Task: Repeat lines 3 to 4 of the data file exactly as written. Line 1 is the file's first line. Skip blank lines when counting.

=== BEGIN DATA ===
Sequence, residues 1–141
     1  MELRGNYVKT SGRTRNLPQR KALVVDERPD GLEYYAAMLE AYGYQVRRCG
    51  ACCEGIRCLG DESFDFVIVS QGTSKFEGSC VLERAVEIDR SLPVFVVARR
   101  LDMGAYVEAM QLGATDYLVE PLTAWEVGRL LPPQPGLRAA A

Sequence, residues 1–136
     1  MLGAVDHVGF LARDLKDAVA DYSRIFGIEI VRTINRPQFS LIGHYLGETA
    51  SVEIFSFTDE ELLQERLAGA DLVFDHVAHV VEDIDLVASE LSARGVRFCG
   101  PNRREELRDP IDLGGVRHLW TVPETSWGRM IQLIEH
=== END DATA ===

    51  ACCEGIRCLG DESFDFVIVS QGTSKFEGSC VLERAVEIDR SLPVFVVARR
   101  LDMGAYVEAM QLGATDYLVE PLTAWEVGRL LPPQPGLRAA A